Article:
Even though the benefits of staff buy-in are great, it is not always easy to achieve. Many times, the most vocal staff members are the most resistant to the implementation of new procedures. The challenge to management is to lead the staff in such as way that they recognize their own vested interest in the solutions.
Ergonomics and Human Resources
Even in the best circumstances, animal care is a difficult job, not unlike athletes playing a physically demanding game. During an initial interview of a prospective employee, questions that would likely elicit information about a person’s disability are clearly a violation of the Americans with Disabilities Act of 1990 (ADA). According to the U.S. Equal Employment Opportunity Commission’s (EEOC) position on pre employment screening of candidates, however, an employer may describe the physical requirements of the position and ask if the applicant is able to satisfy these requirements. The applicant may also be asked to demonstrate hows/he would perform the tasks.5
It is important to realize that workers are very adept at accomplishing physically demanding tasks in spite of outward appearances to the contrary. Reasonable accommodations must be made to enable an otherwise qualified candidate to perform the essential functions of a job, unless they would create undue hardship.6 A complete redesign and retrofit of a washroom to accommodate a wheelchair bound employee would represent an undue hardship for the employer. However, installation of a small raised platform allowing the employee to be at the appropriate height for accessing existing equipment would be a reasonable expense assuming the employee could perform the function at the raised height. If you think reasonable accommodations are expensive, they are cheap compared to lost productivity and medical costs associated with a worker’s compensation claim.More importantly, implementation of reasonable accommodations shows a real commitment to providing a healthy work environment.
In typical staffing needs calculations, the obvious variables are usually included like legitimate leave time, e.g., vacation, sick time, holidays, etc. A thorough evaluation of missed time due to on-the-job injuries should also be included. Costs for overtime and lost productivity when staff are out for extended periods can run high. Ergonomic improvements that reduce time-lost injuries can save a considerable amount of money, not to mention protecting employees from unnecessary harm.
Ergonomic improvements on the animal care “playing field” are not an“all or nothing” venture. Small changes can have large and lasting positive impact on worker comfort,morale, retention, and productivity. Each of us has a responsibility to ensure a safe workplace. The trick is to find that perfect balance between Offense and Defense. Let the games begin!
- “Musculoskeletal disorders and days away from work in 2007.” US Bureau of Labor Statistics. The Editor’s Desk, December 2, 2008.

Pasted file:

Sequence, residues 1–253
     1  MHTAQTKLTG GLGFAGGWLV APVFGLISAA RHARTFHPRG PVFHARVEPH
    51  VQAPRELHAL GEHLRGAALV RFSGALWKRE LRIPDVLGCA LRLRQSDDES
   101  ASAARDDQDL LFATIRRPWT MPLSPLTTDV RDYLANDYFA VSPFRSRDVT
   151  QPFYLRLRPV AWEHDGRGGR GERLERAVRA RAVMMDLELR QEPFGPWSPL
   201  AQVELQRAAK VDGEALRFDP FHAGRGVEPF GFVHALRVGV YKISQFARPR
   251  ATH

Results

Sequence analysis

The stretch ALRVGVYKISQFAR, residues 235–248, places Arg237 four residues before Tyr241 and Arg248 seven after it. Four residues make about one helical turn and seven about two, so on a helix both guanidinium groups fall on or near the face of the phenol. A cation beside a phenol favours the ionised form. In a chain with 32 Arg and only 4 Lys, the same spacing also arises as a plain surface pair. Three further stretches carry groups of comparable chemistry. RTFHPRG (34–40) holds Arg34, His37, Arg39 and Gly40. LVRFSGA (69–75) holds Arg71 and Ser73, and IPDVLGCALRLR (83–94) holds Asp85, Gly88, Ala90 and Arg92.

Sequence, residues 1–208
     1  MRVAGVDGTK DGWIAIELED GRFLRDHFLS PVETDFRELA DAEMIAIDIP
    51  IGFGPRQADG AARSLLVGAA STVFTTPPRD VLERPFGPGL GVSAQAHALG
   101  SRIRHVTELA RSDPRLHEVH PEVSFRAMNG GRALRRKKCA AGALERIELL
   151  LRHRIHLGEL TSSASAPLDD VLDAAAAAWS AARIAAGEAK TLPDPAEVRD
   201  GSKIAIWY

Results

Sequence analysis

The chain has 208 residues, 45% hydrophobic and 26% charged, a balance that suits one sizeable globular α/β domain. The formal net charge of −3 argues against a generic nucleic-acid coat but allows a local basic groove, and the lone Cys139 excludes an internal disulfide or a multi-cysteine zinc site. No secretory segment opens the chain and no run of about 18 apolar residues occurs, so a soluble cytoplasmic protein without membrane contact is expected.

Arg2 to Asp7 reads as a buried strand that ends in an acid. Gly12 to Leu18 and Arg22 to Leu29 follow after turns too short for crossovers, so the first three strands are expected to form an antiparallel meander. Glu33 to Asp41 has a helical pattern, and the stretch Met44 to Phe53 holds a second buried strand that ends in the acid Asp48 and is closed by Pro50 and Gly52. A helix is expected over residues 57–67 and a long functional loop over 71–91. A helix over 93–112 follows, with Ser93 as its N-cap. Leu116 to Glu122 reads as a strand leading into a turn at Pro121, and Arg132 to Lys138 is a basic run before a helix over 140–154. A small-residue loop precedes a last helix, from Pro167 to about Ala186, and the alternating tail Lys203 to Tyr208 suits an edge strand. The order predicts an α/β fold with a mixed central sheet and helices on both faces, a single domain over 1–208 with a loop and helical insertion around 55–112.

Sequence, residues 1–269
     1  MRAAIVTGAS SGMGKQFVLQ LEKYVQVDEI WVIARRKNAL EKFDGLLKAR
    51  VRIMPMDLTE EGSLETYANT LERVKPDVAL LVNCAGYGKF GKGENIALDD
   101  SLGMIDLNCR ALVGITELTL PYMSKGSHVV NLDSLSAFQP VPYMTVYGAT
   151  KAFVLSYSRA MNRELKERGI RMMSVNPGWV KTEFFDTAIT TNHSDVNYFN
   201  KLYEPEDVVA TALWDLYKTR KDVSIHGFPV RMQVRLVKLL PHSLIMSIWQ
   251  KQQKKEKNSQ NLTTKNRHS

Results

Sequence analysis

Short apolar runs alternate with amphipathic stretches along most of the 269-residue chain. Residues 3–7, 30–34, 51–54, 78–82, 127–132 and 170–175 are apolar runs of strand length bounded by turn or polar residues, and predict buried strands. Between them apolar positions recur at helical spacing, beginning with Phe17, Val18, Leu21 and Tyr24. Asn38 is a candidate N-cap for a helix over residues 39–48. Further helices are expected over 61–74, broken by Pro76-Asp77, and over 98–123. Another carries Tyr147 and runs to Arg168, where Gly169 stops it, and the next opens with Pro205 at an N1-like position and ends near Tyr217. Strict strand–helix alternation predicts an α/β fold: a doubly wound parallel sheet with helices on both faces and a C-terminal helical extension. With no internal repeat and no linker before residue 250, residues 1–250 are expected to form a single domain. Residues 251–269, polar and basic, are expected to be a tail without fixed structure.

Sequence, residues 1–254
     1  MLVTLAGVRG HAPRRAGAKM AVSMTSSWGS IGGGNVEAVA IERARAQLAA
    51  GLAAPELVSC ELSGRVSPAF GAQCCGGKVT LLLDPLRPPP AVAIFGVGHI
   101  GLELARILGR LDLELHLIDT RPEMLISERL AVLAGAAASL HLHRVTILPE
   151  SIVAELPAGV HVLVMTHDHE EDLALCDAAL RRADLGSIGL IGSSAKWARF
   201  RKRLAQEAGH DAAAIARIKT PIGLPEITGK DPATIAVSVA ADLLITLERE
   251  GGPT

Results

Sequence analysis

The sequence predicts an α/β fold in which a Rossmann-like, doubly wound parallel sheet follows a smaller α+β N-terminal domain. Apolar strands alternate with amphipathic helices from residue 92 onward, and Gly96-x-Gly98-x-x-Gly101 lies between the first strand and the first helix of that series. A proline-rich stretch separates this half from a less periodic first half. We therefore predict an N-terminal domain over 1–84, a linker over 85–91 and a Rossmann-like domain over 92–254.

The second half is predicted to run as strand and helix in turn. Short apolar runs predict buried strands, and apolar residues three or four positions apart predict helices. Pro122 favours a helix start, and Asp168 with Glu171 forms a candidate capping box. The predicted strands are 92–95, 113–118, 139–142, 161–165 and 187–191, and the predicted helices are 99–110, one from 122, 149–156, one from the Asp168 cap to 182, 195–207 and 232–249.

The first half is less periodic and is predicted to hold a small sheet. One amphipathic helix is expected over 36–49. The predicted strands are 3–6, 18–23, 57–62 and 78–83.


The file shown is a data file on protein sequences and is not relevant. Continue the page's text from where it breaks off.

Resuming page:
- “A Critical Review of Epidemiologic Evidence for Work-Related Musculoskeletal Disorders of the Neck, Upper Extremity, and Low Back.” NIOSH Publication No. 97-141, July 1997.
- Institute of Laboratory Animal Resources. 1996. Guide for the Care and Use of Laboratory Animals. Washington, DC, National Academy Press.
- McGarry, M., M.J. Huerkamp, A. Pesek and J. Percifield. "Design considerations for mouse holding rooms." Animal Lab News, Nov/Dec 2009. 11-16.
- Enforcement Guidance: Preemployment Disability- Related Questions and Medical Examinations. US Equal Employment Opportunity Commission. EEOC Notice 915.002. 10/10/95. http://www.eeoc.gov/policy/docs/preemp.html
- Americans with Disabilities Act of 1990. 42 U.S.C. §§ 12101-12117, 12201-12213 (1994) (codified as amended).
Stacy LeBlanc, MS, MBA, CMAR, Research Department Administrator at The University of Texas M. D. Anderson Cancer Center in Houston, has participated in design through occupancy of over 300,000gsf of new and renovated vivarium space. She has participated in ergonomic evaluations of animal facilities including implementation of solutions and training. email@example.com.
Jerry Percifield, AIA is a Principal with Lord, Aeck,& Sargent Architects, Inc., Atlanta, GA. He has worked in the field for over 30 years and designed over 2,000,000 square feet of animal facilities. He currently serves as the Director of the Science and Technology studio at Lord Aeck Sargent Architects. firstname.lastname@example.org.
Michael J. Huerkamp, DVM, DACLAM has 26 years postdoctoral experience in laboratory animal medicine. He is the director of the animal resources program at Emory University where he manages facilities comprising over 155,000 gsf and a staff of 78 in support of over 300 scientists using animals in research. He can be reached at email@example.com.
Mike McGarry, Ph.D. of MCG Consulting has over 35 years developing facilities and directing laboratory animal programs at Roswell Park Cancer Institute, Mayo Clinic Arizona, and Arizona State University.He also has done basic and preclinical research in a variety of lab animal species reported in over 90 peer-reviewed publications. firstname.lastname@example.org.